Tuesday, May 30, 2017
On a walk with a friend a couple of days ago, I happened to glance down at the pavement of the quiet back road we were on and spotted a small gray rectangle -- a gift card, it proved to be when I picked it up. A Visa card from Vanilla.com, no denomination indicated on it; just the usual numbers, expiration date, and security code that you'd find on any credit card. What to do? My friend and I discussed the morality of just pocketing it; a couple walking by with their dog said it wasn't theirs and recommended keeping it; surely, if it had been a fiver or a twenty dollar bill lying there, I'd have kept it without a second thought -- but a gift card? Who knows how much money it might be? Somehow it didn't feel the same. Somehow, pocketing it almost felt like theft. But leave it there for its owner to come back and find? Bloody unlikely, for sure. So I took it home with me, and left it on the dining table. Picked it up this morning and saw on the back a website URL where one could check the card's balance. What the heck? Might as well. So I went to the site, entered all the information, and.... Thirty bucks. All gone. Probably fell out of someone's trash. So much for all that moral agonizing.
Monday, May 22, 2017
By now you folks who use Verizon as your email provider have probably received the dread (welcome?) news – they’re getting out of the email provider business and offering transition to either AOL or another provider of your choice. Going to AOL lets you keep your Verizon address and all your contacts, etc., are ported along with that. Choosing someone else comes with no such perks. Just follow a few easy steps and voila! Sounds simple, right? What could possibly go wrong? Well, actually – nothing! So far, anyway. I just did it and ZAP! New AOL account, emails sent and received in a snap, including forwards from my two Gmail addresses, all my inboxful of mail that had been sitting in the Verizon online inbox popping up in the new AOL one. Phew! Although I shall continue to watch for any signs of problems cropping up, while adjusting to the new world order.
Friday, May 19, 2017
So I finished reading a novel I know I'll never pick up again; it was okay but far from that author's best work, and I won't spend the time on it again. It had sat on the shelf for years, decades, even, unread; it will never come into my hands for reading again. I can always use the shelf space. So now I should throw the aged, yellowed paperback out. Put it in a donation bin? It'll go straight to the pulp pile. I should. I really should just chuck the thing. *little voice in my head* What? Throw away a BOOK?!? How DARE you?!? Heretic!!!!! Barbarian!!!!!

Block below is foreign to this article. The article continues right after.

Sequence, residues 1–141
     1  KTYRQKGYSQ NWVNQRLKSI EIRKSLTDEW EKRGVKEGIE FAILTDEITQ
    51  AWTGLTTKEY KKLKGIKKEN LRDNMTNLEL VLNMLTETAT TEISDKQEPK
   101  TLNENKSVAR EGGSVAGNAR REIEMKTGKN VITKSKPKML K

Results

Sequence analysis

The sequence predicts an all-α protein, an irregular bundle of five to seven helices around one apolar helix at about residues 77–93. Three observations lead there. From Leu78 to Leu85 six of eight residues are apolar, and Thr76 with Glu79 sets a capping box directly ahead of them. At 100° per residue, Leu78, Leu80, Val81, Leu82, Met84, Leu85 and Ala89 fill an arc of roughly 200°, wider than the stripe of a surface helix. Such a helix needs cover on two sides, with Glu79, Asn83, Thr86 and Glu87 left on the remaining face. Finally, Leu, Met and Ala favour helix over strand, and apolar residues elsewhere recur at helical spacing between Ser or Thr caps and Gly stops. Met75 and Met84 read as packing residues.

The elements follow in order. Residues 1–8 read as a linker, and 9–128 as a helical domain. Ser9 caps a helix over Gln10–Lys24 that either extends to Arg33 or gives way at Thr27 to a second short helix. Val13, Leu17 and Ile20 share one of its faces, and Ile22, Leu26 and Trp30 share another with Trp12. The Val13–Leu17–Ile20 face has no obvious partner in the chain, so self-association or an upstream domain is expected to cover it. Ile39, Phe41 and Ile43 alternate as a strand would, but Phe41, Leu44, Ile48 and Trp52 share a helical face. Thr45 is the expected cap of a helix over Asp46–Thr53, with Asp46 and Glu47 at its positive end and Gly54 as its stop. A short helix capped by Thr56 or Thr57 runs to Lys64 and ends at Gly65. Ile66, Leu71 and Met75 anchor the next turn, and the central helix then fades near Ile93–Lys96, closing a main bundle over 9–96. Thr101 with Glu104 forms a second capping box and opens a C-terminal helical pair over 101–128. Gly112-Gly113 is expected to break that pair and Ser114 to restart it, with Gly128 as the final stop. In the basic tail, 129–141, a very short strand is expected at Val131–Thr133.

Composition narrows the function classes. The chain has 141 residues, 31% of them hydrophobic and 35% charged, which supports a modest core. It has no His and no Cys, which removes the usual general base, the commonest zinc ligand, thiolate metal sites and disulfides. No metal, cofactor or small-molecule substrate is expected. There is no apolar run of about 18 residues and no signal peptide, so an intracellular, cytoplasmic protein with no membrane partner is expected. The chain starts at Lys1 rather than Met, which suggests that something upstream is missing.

Wednesday, May 10, 2017
Gah. Just got home a little while ago from town meeting and am struggling to recover from four hot hours crammed into a tiny auditorium seat between a friend and a big burly guy with massive arms, no supper before I left home for it, no food or drink with me, listening to droning town officials reading endless financial details; elderly gadflies niggling over tiny details and demanding "No" votes on essential funding articles; speakers who can't figure out how to use the microphone to be heard; speakers who ramble on incomprehensibly, hopelessly muddling their arguments; speakers who couldn't buy a clue if you fronted them the cash; a moderator who wouldn't rein in speakers to the allotted three minutes, who bollixed up explaining procedural aspects and pending motions -- admittedly, when the question before the meeting is whether to vote to close discussion to vote on an amendment to the motion pending before the meeting, which is worded differently from the article in the warrant, it does get confusing -- in short, town democracy in action in all its messy, boring, frustrating, chaotic glory. But I did finally get to vote on the issue that brought me there -- the preferred location for a new elementary school -- and my side (don't build it at Bialek Park, the only public open space in town, and next to where I live, build it at Doyon where there's helluva better room!) came out ahead. In a nonbinding advisory vote after lots of argufying and procedural struggles, essentially meaningless legally but which hopefully will give pause to the school building committee, which is hellbent on Bialek but which needs (among other things) to get a two-thirds approval vote in next October's town meeting to go ahead. The vote was 326 for Doyon to 201 for Bialek, not even close. The meeting adjourned -- well, I'm sure it adjourned after 11:00, but I and my friend bailed out about 11:00 while the fight over whether to establish a non-civil-service deputy fire chief position still raged. Since less than half the articles on the warrant got dealt with, there'll be another session tomorrow night. There are a couple of articles I'd really like to vote on, but my friend likely is all town-meetinged-out and I don't know if I can take another round.